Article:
Coeliac disease is a chronic digestive and immune disorder that affects the small intestine. Over 1 in 133 Americans have it, which is around 1% of the total population. After consuming gluten, people diagnosed with coeliac disease often experience digestive problems, such as abdominal pain, constipation, and diarrhea.
Yet unexpectedly, individuals with coeliac disease are also at higher risk of developing certain eye conditions. This can be due to malnutrition or issues regarding immune system dysfunction. If left unaddressed, these could worsen and lead to vision loss. With that said, here are the eye conditions you may experience and how you can treat them:
Eye Conditions Related to Coeliac Disease
Since coeliac disease impacts the digestive system and makes it absorb vitamins and minerals less effectively, it’s commonly associated with nutritional deficiencies. One common vitamin you may go without if you have coeliac disease is Vitamin A, which is essential for lubricating the eyes. Without enough of it, you may experience blurry vision, light sensitivity, and—in severe cases—blindness.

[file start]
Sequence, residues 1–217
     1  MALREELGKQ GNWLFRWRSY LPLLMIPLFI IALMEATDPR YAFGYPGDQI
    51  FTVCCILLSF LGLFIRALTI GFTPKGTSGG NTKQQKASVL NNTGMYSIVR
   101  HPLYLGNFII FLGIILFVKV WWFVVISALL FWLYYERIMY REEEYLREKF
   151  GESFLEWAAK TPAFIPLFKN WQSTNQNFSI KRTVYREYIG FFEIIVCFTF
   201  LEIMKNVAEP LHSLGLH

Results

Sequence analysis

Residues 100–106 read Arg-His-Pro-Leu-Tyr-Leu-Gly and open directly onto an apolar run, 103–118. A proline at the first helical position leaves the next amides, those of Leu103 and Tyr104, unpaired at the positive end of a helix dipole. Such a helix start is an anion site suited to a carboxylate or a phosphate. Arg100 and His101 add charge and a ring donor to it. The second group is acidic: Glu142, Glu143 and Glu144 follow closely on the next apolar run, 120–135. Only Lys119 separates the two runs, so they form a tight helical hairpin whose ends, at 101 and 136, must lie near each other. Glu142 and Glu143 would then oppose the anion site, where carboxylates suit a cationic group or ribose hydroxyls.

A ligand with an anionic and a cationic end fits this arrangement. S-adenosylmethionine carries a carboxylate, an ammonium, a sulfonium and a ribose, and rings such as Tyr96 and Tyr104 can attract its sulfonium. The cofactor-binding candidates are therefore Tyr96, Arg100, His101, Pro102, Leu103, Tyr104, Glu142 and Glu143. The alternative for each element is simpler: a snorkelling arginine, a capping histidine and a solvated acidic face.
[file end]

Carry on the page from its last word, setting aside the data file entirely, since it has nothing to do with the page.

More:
Retinopathy is a disease also caused by Vitamin A deficiency. It damages small retinal blood vessels, causing them to leak blood and other fluids and leading to the swelling of the retinal tissue. Since the retina is responsible for transmitting visual cues to your brain for interpretation, retinopathy can cause blurred vision.
Cataracts are cloudy areas that form in the eye’s lens, making one’s vision blurry, hazy, or even less colorful. Though also caused by nutritional deficiencies, it mainly stems from the lack of vitamin D. Strict gluten-free diets can prevent you from consuming foods rich in vitamin D, like glutinous rice. Moreover, you might experience fat malabsorption that prevents the absorption of the fat-soluble vitamin D. Though cataracts can be surgically removed, they can lead to vision loss if left untreated.